Nil rate band discretionary trusts

Produced by Tolley in association with Emma Haley at Boodle Hatfield LLP

The following Trusts and Inheritance Tax guidance note Produced by Tolley in association with Emma Haley at Boodle Hatfield LLP provides comprehensive and up to date tax information covering:

  • Nil rate band discretionary trusts
  • The advantages of an NRBDT

Nil rate band discretionary trusts

Before October 2007, it was standard practice for married couples with estates large enough for inheritance tax to be an issue to include nil rate band discretionary trusts (NRBDTs) in their Wills. Otherwise, it was difficult for both spouses (which term is used here to include civil partners) to use up their nil rate bands (NRBs). This was because:

  1. if the first spouse died leaving the whole of his or her estate to the other, there was no inheritance tax to pay because of the spouse exemption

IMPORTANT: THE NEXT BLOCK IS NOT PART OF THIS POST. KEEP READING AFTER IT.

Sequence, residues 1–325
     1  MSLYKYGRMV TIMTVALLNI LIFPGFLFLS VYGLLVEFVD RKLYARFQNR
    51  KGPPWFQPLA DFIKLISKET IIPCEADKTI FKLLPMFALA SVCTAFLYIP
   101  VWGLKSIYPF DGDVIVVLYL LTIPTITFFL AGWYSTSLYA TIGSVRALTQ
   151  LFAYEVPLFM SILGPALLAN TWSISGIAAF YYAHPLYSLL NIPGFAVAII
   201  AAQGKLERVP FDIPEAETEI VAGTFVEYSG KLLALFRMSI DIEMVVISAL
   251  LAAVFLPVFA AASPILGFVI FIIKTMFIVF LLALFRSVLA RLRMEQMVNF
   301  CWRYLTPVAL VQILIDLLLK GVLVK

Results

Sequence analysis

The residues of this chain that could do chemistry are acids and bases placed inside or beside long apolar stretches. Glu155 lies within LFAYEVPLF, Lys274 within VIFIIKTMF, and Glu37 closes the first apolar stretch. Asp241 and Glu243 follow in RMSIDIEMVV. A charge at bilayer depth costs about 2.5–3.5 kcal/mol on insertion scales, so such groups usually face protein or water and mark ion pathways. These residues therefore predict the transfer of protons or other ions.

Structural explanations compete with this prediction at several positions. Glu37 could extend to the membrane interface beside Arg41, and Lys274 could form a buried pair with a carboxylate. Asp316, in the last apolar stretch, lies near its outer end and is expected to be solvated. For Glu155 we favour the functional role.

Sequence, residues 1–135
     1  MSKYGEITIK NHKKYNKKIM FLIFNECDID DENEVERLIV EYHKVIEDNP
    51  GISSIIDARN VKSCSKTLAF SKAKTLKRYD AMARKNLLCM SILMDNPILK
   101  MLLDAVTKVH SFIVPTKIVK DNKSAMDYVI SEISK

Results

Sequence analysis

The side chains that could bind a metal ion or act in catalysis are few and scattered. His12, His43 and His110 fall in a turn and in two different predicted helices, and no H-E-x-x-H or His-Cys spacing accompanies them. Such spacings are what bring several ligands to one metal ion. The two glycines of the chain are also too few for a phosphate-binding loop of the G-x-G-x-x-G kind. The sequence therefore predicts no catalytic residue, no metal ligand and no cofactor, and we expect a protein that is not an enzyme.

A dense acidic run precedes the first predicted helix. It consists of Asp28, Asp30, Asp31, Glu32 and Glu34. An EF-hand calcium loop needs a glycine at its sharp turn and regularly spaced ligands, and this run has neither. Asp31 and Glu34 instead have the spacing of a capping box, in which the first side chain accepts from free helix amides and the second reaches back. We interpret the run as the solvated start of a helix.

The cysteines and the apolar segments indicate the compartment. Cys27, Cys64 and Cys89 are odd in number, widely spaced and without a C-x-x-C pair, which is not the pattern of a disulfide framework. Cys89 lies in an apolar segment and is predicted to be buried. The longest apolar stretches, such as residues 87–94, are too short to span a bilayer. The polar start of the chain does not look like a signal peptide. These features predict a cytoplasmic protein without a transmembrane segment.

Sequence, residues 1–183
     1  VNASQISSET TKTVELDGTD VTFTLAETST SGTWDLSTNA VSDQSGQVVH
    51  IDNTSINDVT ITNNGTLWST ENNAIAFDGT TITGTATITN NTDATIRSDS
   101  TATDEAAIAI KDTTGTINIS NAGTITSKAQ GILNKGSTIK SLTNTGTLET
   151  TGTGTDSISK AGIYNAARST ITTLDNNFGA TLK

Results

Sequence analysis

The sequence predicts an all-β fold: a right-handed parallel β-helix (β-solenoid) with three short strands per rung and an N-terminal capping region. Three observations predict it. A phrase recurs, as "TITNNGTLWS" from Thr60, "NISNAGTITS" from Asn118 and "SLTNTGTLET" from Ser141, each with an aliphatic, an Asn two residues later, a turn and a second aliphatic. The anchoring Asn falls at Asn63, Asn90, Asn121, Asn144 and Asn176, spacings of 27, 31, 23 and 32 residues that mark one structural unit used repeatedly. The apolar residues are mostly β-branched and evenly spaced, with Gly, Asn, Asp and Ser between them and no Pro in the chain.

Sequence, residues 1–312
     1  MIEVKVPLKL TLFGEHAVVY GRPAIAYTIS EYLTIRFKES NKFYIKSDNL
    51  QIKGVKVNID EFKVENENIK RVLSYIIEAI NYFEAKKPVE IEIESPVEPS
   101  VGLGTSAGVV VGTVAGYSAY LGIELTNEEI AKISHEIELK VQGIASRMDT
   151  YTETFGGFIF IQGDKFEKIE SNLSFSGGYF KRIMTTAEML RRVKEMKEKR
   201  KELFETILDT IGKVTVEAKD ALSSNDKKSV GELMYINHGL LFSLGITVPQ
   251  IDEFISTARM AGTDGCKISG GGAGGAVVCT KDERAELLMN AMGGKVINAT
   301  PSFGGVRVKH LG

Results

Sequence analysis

2. however, the first spouse to die had ‘wasted’ his NRB, because the combined estate would be taxable on the second death, but with the benefit of only one NRB (ie that of the second spouse to die)

The NRBDT was a useful device which enabled the first spouse to die to use his nil rate band yet still provide for the survivor to benefit from the assets via a discretionary trust.

The arrangement works as follows:

  1. the Will of each spouse contains a discretionary trust of assets to the value of the available NRB at the date of death. The trust only takes effect on the death of whichever spouse dies first. The beneficiaries typically include the surviving spouse

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